Parties and visits with out-of-town family members are often the highlights of the holiday season — but if you’re the one hosting, they can also make your stress levels skyrocket.
From decorations and desserts to clean linens and extra toothpaste, there’s a lot to take care of in the weeks and days before your guests walk in the door. With these helpful tips we collected, you can make sure everything’s covered in advance — so you can spend quality time with your guests instead of scrambling to put the finishing touches on your dinner table or guest room.
How To Prepare for a Party at Your House
Whether you’re planning a casual holiday brunch with friends, a family-style dinner with all your relatives, or an upscale cocktail party with your coworkers, these tips we gathered will help make preparing for guests a breeze.
Send Out Invites Early
For many, the holiday season isn’t just the most wonderful time of the year — it’s the busiest. Between office holiday parties, tree lighting ceremonies, and weekend trips to visit family, your party guests may only have a few free weekends in December. That’s why you should send invites to your get-together early (even if that invite is as simple as a text). You may want to notify guests as soon as two months in advance for formal holiday dinners, but casual parties usually only require a one- or two-week notice.
Plan Your Menu (and Start Cooking) Ahead of Time
Most holiday celebrations revolve around food — and lots of it. Here are a few tips we put together for you to help ensure your guests get plenty of treats and leave feeling satisfied:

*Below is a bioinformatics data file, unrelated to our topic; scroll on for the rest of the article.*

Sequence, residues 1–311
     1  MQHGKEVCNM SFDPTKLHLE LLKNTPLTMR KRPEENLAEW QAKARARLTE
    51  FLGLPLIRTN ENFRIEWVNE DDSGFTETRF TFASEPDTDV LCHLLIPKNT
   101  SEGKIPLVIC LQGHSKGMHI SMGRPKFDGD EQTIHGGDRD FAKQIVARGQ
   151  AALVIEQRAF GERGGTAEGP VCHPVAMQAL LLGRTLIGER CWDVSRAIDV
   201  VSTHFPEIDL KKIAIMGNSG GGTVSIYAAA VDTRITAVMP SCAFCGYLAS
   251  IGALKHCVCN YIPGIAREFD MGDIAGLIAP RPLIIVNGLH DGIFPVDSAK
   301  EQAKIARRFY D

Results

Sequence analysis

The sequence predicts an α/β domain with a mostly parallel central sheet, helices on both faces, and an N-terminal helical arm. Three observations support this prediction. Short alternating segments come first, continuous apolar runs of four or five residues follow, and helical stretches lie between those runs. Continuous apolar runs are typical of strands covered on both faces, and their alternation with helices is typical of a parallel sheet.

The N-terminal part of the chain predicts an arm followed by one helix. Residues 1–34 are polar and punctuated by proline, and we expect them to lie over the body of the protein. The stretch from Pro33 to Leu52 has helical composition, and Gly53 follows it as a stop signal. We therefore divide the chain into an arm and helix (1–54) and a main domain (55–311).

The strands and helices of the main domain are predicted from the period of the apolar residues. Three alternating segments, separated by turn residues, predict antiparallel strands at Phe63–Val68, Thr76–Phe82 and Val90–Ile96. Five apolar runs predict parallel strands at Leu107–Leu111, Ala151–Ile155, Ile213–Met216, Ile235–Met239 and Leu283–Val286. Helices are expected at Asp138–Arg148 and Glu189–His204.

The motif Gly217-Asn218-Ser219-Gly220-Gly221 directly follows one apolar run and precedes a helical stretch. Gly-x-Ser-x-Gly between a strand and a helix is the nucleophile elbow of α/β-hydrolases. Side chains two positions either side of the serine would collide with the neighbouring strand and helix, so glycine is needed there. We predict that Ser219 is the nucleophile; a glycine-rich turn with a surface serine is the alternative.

Get Your Space Ready
It’s easy to go overboard preparing for guests at your house — after all, you want to put your best foot forward. But instead of rearranging every room from top to bottom, you can make your pre-party cleaning routine simple with these steps:
Deck(orate) the Halls Safely
A festive atmosphere is a must-have for any holiday party. While you’re decking the halls with tinsel, streamers, and colorful lights, be sure to follow these safety tips we gathered from around the web:
Prepare for Arrival
When you’re busy making last-minute runs to the grocery store, polishing your holiday plates, and juggling several dishes that all cook at different temperatures, it’s easy to overlook the things you need to do when guests actually arrive. Luckily, your Ring Doorbell can make it easy to give your guests a warm and cheery welcome.
If you’re busy putting the finishing touches on dinner when your guests arrive, you can use Quick Replies to share a holiday greeting and let guests know you’ll be right there. And with a festive holiday-themed faceplate, you can start spreading holiday cheer before they even enter. If you’re tied up in the kitchen and can’t make it to the door, you can also use Two-Way Talk on your phone to let visitors know they can come in.
Make sure there’s a drop-off zone for your guests to put their coats and shoes once they step inside — and then the party can get started!
How To Make Guests Feel Welcome for an Overnight Visit